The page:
21 Jan 2022

Auckland hospitals plan for more Covid-19 patients when Omicron arrives

8:41 am on 21 January 2022

Auckland's hospitals are urgently planning how to cope with double the number of Covid-19 patients dealt with in the Delta outbreak.

Press conference at Middlemore discussing burns patients from the Whakaari/White Island  eruption.  Pictured is Dr John Kenealy, the Clinical Director of Surgery and Perioperative Services at Middlemore Hospital.

Counties Manukau DHB population health director Gary Jackson says the emergency department is likely to be very busy when Omicron spreads in the community. Photo: RNZ / Patrice Allen

Modelling for when Omicron hits suggests a peak of 190 Covid-19 patients in hospital on any given day, based on a prediction of about 1800 community cases a day in the city.

Advanced planning was underway to help the hospitals cope, with one of the biggest worries being making sure there was enough staff as workers inevitably caught Covid-19 themselves.

That could include measures like surgeons stepping in to be physicians on the wards when less urgent surgeries were postponed.

Counties Manukau DHB population health director Dr Gary Jackson carried out the modelling.

At the peak of an Omicron outbreak, he predicted 175 to 190 people with Covid-19 in hospital on any given day, up from an already stretched system peak of 93 at the height of the Delta outbreak.

"It was likely that there would be cancelled surgeries and other disruptions so resources could be redirected to care for the patients," he said.

Not all of the Covid-19 patients in the hospitals would be there to be treated for the virus itself though.

It was expected about a third would be there for other reasons, like to give birth or to fix a broken leg, Jackson said.

"So it's not extra beds that you're trying to find, it's just making sure that you can care for them in the setting they're in, like the delivery suite or the orthopedic ward and so on," he said.

The emergency department (ED) was likely to be very busy, even if some of those people ended up being cared for the the community, Jackson said.

One possibility to protect vulnerable patients, like the elderly or the immuno-compromised, who were also in ED was to treat them in isolation rooms, he said.

The more people that got a vaccination booster before Omicron arrived, the better, because it would keep more people out of hospital, particularly intensive care, he said.

The modelling predicted a peak of 20 cases in intensive care (ICU) on any given day.

There were about 30 dedicated ICU beds across Auckland and other patients would still need some of them - but there was surge capacity if needed.

Middlemore Hospital acute critical services clinical director Vanessa Thornton said they were trying to keep services running as normal as possible but there would be disruptions, particularly as there were already staff shortages.

Dr Vanessa Thornton

Middlemore Hospital acute critical services clinical director Vanessa Thornton says they expect the system will come under pressure when Omicron spreads in the community. Photo: RNZ / Dan Cook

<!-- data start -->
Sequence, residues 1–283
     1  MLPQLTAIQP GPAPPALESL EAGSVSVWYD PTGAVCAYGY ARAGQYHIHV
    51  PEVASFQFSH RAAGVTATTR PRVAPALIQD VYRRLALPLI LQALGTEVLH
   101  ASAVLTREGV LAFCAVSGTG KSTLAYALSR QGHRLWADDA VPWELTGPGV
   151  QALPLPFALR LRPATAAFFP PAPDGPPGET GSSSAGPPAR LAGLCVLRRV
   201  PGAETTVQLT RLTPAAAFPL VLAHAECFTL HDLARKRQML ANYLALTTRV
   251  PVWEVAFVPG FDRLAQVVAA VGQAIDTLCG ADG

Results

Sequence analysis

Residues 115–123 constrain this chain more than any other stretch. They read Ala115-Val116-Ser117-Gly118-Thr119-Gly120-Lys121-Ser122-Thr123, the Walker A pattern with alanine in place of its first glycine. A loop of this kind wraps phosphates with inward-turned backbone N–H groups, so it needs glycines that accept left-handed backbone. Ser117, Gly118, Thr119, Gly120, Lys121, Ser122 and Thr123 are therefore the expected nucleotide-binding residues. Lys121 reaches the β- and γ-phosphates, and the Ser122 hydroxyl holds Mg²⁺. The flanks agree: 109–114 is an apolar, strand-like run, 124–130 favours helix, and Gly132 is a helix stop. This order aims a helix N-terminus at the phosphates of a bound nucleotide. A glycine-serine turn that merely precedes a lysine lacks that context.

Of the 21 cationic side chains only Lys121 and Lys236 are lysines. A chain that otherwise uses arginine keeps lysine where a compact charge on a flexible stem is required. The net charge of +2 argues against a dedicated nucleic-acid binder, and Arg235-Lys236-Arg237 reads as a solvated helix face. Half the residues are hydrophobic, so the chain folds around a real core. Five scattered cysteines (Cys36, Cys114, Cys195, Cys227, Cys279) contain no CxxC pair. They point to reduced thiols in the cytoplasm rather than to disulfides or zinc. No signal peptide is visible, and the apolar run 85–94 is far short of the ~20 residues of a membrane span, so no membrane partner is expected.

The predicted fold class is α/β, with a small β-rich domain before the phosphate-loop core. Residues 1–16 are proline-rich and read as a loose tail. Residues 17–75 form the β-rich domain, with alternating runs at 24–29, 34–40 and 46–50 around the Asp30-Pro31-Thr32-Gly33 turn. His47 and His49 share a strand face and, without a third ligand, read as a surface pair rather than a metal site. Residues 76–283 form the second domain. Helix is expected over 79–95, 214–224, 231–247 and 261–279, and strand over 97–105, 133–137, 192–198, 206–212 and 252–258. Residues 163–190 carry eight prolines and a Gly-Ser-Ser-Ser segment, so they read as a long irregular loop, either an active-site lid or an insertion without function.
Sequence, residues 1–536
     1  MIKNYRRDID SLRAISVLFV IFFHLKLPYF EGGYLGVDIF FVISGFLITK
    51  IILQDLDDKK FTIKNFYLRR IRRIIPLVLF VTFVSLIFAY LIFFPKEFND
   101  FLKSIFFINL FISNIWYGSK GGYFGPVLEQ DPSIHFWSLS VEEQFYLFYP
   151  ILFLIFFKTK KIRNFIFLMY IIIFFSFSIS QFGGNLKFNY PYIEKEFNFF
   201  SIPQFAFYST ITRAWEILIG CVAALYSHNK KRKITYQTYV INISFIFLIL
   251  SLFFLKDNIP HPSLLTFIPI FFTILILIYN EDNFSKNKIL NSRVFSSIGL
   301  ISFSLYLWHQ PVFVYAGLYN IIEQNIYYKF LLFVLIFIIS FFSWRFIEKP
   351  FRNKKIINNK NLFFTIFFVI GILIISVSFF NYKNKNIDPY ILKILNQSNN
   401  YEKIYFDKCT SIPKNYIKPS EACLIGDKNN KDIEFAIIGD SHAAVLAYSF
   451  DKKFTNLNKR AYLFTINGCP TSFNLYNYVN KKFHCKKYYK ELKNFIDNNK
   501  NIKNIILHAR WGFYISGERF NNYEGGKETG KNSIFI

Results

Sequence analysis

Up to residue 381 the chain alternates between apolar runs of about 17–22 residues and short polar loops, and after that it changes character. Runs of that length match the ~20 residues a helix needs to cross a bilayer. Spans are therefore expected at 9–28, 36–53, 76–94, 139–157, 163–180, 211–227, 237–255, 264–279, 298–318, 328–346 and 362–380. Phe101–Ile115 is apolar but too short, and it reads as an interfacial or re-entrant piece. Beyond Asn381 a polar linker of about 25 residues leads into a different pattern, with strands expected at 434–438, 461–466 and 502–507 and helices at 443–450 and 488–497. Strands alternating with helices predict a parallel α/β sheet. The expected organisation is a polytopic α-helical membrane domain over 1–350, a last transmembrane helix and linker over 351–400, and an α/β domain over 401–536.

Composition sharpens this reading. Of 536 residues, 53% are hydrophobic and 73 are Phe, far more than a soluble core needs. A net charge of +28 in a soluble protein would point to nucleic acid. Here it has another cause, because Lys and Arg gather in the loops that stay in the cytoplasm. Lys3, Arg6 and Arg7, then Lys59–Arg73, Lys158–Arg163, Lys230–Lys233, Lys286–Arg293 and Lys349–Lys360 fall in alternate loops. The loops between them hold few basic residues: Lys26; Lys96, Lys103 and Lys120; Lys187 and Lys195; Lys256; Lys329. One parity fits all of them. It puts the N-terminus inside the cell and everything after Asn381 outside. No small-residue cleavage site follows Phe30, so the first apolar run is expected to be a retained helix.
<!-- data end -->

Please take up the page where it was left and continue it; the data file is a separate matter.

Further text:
"While hospitalisation rates overseas are lower than during the Delta outbreak, we do expect that our hospital system will be under pressure due to the large number of people likely to be infected with the Omicron variant," she said.

Omicron was very difficult to model, Jackson said.

If the variant was discovered in the community on 1 February, hypothetically, daily cases in the Auckand region would reach 1500 to 1800 cases a day by March and April before dropping to 150 to 330 a day from May to September, he said.

Though it was possible case numbers would be higher in reality, he was optimistic people would follow public health measures and the case numbers would stay within his predicted range.

Emergency medicine specialist Dr John Bonning told Morning Report there was a degree of nervousness among emergency department staff, who were already under enormous pressure.

"There's a degree of nervousness and we're perhaps not so happy about the information that's been shared and the preparations for, in particular, looking after people in the community."

Bonning said there had not been much communication from the ministry about dealing with Omicron.

"We're not just sitting there waiting for instructions, we know what's coming, we know what will need to be done but there's significant nervousness in emergency departments.

"It has to be said that EDs will bear the brunt of acute Omicron as it hits hospitals."

He said it isn't about ICU capacity but about emergency capacity. "And at the moment we're under enormous duress with the business as usual that's coming into EDs."

He was most nervous about rural and regional workforce if staff members had to have time off.

Yesterday, Prime Minister Jacinda Ardern said the country would go to the red setting, the strictest level of the Covid-19 Protection Framework, within a maximum of 48 hours of discovering Omicron in the community.

That meant a limit on gathering numbers and greater restrictions for people who were not vaccinated.

She said an Omicron outbreak would likely look more like the one in South Australia rather than the huge outbreaks in Sydney and Melbourne.

RNZ has asked the Ministry of Health for hospitalisation prediction figures for the rest of the country.

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